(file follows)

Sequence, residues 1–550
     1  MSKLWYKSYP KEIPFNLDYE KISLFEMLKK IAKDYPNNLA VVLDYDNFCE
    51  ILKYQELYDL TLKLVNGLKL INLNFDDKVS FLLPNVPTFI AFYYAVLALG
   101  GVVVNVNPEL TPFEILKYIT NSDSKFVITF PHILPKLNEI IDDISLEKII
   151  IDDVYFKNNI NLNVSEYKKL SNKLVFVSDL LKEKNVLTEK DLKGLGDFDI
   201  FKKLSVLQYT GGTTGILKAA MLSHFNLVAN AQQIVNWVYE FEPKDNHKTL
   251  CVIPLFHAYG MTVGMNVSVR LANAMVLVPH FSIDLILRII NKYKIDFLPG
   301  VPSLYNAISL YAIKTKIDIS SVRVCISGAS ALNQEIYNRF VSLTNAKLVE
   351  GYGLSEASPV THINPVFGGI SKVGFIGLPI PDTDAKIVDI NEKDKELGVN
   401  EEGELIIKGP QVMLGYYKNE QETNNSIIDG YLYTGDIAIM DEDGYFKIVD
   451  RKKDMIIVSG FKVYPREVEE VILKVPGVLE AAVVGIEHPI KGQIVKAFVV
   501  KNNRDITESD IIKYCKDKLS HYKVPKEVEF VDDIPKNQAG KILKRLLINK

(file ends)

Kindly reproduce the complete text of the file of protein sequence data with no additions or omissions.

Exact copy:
Sequence, residues 1–550
     1  MSKLWYKSYP KEIPFNLDYE KISLFEMLKK IAKDYPNNLA VVLDYDNFCE
    51  ILKYQELYDL TLKLVNGLKL INLNFDDKVS FLLPNVPTFI AFYYAVLALG
   101  GVVVNVNPEL TPFEILKYIT NSDSKFVITF PHILPKLNEI IDDISLEKII
   151  IDDVYFKNNI NLNVSEYKKL SNKLVFVSDL LKEKNVLTEK DLKGLGDFDI
   201  FKKLSVLQYT GGTTGILKAA MLSHFNLVAN AQQIVNWVYE FEPKDNHKTL
   251  CVIPLFHAYG MTVGMNVSVR LANAMVLVPH FSIDLILRII NKYKIDFLPG
   301  VPSLYNAISL YAIKTKIDIS SVRVCISGAS ALNQEIYNRF VSLTNAKLVE
   351  GYGLSEASPV THINPVFGGI SKVGFIGLPI PDTDAKIVDI NEKDKELGVN
   401  EEGELIIKGP QVMLGYYKNE QETNNSIIDG YLYTGDIAIM DEDGYFKIVD
   451  RKKDMIIVSG FKVYPREVEE VILKVPGVLE AAVVGIEHPI KGQIVKAFVV
   501  KNNRDITESD IIKYCKDKLS HYKVPKEVEF VDDIPKNQAG KILKRLLINK